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Diogenes - "The Cynic"
(BC, c412-323)

Diogenes was chief among the school known as the cynics, though possibly not representative of it [Diogenes "carried the principles of the sect to an extreme of asceticism." (OED.)]. It was said of Diogenes that throughout his life he "searched with a lantern in the daylight for an honest man." And though Diogenes apparently did not find an honest man, he had, in the process, "exposed the vanity and selfishness of man." (Chambers.)

The sect, known as the cynics, was founded by Antisthenes (444-370 BC), a pupil of Socrates; it was "marked by an ostentatious contempt for ease, wealth, and the enjoyments of life." Diogenes was a pupil of Antisthenes. Diogenes, on coming to Athens from his native lands, Sinope, came as "a rake and spendthrift." After following under the spell of Antisthenes, Diogenes "became at once an austere ascetic, his clothing of the coarsest, his food the plainest, and his bed the bare ground. At length he found himself a permanent residence in a tub."

(The meaning of cynicism today is to be found in the OED. "A person disposed to rail or find fault; now usually: One who shows a disposition to disbelieve in the sincerity or goodness of human motives and actions, and is wont to express this by sneers and sarcasms; a sneering fault-finder." The image of a cynic that has come to us is that of a dog.)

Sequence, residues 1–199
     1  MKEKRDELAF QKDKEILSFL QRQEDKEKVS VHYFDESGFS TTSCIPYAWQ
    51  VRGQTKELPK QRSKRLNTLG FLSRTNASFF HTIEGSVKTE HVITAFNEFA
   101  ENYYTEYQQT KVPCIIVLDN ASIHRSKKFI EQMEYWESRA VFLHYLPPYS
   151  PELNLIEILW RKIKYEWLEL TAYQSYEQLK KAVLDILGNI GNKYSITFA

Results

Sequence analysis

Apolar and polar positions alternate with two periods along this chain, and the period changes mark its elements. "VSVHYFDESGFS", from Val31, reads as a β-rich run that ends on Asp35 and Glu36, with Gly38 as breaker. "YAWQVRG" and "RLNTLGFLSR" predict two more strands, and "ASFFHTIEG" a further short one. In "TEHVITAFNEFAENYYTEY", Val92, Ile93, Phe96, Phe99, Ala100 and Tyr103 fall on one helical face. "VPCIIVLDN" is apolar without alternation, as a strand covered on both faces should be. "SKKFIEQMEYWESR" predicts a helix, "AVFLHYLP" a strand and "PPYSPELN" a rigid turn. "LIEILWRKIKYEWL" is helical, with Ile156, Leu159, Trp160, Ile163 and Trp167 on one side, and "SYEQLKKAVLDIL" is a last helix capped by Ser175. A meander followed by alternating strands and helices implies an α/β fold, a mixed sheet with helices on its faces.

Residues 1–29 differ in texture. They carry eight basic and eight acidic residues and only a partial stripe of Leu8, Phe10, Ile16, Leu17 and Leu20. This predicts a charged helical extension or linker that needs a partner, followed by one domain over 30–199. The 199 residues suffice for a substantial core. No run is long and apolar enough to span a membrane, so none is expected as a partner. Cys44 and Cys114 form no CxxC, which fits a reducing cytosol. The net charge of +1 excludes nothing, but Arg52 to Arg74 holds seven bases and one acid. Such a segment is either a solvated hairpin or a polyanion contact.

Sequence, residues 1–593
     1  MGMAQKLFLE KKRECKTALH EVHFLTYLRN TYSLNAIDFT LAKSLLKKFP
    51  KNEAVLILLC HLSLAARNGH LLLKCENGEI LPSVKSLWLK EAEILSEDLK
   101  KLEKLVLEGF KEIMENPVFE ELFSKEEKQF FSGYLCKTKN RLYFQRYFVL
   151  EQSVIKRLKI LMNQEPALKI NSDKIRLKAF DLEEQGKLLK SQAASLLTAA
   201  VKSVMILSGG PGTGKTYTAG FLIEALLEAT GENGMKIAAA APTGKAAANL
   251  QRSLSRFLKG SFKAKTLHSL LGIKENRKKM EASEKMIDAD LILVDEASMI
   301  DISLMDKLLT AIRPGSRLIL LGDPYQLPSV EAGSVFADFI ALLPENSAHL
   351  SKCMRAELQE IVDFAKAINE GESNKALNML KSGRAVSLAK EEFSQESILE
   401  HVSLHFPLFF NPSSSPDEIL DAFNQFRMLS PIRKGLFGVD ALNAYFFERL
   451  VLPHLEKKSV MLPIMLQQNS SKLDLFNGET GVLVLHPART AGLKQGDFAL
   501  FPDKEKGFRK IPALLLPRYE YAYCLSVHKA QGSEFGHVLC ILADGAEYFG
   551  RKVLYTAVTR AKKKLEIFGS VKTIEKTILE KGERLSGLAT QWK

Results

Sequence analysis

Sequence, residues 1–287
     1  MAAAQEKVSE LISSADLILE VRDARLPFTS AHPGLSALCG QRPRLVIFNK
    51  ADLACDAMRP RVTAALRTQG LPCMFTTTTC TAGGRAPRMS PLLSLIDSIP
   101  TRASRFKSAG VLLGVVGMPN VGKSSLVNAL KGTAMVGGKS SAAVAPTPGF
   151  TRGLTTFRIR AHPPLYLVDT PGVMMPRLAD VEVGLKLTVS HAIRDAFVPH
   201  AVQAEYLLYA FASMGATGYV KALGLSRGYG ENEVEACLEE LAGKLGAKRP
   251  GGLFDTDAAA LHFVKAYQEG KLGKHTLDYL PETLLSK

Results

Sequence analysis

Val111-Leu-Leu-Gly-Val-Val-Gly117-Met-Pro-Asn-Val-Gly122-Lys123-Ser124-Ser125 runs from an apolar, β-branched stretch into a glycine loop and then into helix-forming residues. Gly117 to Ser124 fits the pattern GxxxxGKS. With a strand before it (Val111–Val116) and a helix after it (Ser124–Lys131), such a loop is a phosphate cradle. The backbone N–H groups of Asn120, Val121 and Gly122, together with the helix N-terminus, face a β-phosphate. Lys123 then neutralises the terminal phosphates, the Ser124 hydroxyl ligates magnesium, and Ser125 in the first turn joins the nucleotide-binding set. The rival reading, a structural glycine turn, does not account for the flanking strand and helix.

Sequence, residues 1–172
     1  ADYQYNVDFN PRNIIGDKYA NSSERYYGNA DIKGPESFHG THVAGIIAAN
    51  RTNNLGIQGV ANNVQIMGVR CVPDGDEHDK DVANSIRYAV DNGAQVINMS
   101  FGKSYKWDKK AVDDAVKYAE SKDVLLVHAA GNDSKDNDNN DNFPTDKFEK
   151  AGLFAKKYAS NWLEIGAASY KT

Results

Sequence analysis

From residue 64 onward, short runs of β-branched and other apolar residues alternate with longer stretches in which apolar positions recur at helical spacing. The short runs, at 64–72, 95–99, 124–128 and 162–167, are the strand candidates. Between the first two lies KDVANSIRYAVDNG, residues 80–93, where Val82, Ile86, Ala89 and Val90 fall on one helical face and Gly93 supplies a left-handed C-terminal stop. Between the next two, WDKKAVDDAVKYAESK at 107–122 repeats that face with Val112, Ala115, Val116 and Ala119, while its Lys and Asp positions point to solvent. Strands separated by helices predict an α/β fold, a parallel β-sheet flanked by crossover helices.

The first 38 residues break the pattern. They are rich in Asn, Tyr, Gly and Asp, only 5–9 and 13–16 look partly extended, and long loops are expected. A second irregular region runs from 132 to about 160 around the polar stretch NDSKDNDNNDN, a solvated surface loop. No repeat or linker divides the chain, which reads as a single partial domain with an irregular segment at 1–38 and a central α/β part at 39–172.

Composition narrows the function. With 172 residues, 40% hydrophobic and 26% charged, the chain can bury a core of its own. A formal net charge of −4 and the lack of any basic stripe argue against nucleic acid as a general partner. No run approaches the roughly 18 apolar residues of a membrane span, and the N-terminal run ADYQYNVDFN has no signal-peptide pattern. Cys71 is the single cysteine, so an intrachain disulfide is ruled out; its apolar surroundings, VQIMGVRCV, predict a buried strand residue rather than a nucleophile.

An interesting story is the one where the young Alexander the Great (356-323 BC) met Diogenes, then a very old man. The powerful young conqueror, being solicitous of the old philosopher, asked what, if anything he could do for him. Diogenes replied, "Stand out of my sunshine"; to which he added, as Alexander took his leave, "If I were not Alexander, I would be Diogenes."

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